Trump Expands Fast-Track Deportation Authority Across U.S.
The administration of President Donald Trump announced Monday that it will vastly expand the authority of immigration officers to deport migrants without allowing them to first appear before judges, its second major policy shift on immigration in eight days.
Starting Tuesday, fast-track deportations can apply to anyone in the country illegally for less than two years. Previously, those deportations were largely limited to people arrested almost immediately after crossing the Mexican border.
Kevin McAleenan, the acting Homeland Security secretary, portrayed the nationwide extension of “expedited removal” authority as another Trump administration effort to address an “ongoing crisis on the southern border” by freeing up beds in detention facilities and reducing a backlog of more than 900,000 cases in immigration courts.
U.S. authorities do not have space to detain “the vast majority” of people arrested on the Mexican border, leading to the release of hundreds of thousands with notices to appear in court, McAleenan said. He said Homeland Security officials with the new deportation power will deport migrants in the country illegally more quickly than the Justice Department’s immigration courts, where cases can take years to resolve.
The agency “expects that the full use of expedited removal statutory authority will strengthen national security, diminish the number of illegal entries, and otherwise ensure the prompt removal of aliens apprehended in the United States,” McAleenan said.
The American Civil Liberties Union and American Immigration Council said they would sue to block the policy.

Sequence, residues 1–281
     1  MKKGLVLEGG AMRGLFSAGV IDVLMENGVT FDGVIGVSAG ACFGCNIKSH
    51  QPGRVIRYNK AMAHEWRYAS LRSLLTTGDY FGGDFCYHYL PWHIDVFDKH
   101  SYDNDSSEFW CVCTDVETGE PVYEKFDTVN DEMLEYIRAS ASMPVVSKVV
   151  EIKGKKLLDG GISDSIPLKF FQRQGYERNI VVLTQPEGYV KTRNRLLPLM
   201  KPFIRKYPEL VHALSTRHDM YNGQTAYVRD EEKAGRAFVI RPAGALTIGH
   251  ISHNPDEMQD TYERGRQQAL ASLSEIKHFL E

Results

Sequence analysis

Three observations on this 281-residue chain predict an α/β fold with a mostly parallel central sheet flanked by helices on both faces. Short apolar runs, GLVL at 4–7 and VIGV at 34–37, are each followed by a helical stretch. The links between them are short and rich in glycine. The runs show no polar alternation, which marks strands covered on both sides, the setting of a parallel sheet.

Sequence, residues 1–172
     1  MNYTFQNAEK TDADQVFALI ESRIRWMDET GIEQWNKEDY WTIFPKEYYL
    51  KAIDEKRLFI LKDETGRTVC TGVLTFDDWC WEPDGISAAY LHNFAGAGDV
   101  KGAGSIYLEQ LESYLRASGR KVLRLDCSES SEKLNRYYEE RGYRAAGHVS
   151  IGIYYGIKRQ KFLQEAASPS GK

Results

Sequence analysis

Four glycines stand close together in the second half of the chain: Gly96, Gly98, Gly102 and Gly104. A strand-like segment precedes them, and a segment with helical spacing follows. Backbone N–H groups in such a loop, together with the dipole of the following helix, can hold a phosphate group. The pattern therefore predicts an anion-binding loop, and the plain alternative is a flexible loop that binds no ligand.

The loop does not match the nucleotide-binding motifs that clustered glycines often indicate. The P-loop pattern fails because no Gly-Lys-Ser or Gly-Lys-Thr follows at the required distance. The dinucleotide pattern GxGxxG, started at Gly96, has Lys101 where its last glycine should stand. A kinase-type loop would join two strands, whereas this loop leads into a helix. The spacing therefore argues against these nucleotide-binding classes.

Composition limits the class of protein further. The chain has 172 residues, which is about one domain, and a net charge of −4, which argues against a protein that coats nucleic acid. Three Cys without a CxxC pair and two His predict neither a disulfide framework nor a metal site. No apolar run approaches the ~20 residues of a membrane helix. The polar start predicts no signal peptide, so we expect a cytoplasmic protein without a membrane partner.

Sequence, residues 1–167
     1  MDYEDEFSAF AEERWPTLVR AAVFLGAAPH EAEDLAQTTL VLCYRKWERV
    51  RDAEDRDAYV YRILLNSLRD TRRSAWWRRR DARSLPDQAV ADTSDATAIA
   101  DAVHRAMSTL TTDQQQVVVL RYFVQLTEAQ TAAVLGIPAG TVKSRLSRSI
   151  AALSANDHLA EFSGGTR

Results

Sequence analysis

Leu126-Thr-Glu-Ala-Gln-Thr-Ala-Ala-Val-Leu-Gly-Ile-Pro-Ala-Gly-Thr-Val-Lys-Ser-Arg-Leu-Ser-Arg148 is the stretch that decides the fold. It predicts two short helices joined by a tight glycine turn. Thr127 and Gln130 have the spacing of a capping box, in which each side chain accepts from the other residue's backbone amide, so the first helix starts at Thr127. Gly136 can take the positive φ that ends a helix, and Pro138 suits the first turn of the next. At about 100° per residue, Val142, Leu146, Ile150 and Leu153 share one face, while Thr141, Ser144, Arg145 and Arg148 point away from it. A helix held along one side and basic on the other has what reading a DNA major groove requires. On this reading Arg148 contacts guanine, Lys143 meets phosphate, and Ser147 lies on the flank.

“Under this unlawful plan, immigrants who have lived here for years would be deported with less due process than people get in traffic court,” said Omar Jawdat, director of the ACLU’s Immigrants’ Rights Project.
“Expedited removal” gives enforcement agencies broad authority to deport people without allowing them to appear before an immigration judge with limited exceptions, including if they express fear of returning home and pass an initial screening interview for asylum.
The powers were created under a 1996 law but went largely unnoticed until 2004, when Homeland Security said it would be enforced for people who are arrested within two weeks of entering the U.S. by land and caught within 100 miles (160 kilometers) of the border.
The fast-track deportations have become a major piece of U.S. immigration enforcement over the last decade. Critics have said it grants too much power to immigration agents and U.S. Customs and Border Protection officials.
The potential impact of the new measure is difficult to predict. McAleenan said 20,570 people arrested in the nation’s interior from October 2017 through September 2018 year had been in the U.S. less than two years, which would make them eligible for fast-track deportation under the new rule. Critics said the new measure’s impact could be more far-reaching because many in the U.S for longer than two years may be unable to prove they have been in the country for so long.
“Expanding the fast-track procedure to apply anywhere in the U.S. is a recipe for ripping thousands more families apart and devastating communities,” said Grace Meng, Human Rights Watch’s acting deputy U.S. director. “This is a massive and dangerous change.”
The administration said the expanded authority will likely mean less time for migrants in detention while cases wind their way through immigration court. The average stay in immigration detention for people in fast-track removal was 11.4 days from October 2017 through September 2018, compared to 51.5 days for people arrested in the nation’s interior.
The announcement was the second major policy shift in eight days following an unprecedented surge of families from Central America’s Northern Triangle of Guatemala, Honduras and El Salvador.
Last week, the administration said it will deny asylum to anyone who passes through other countries en route to the U.S. without seeking protection in at least one of those countries. Federal judges in Washington, D.C., and San Francisco are expected to rule soon on whether to block that policy.
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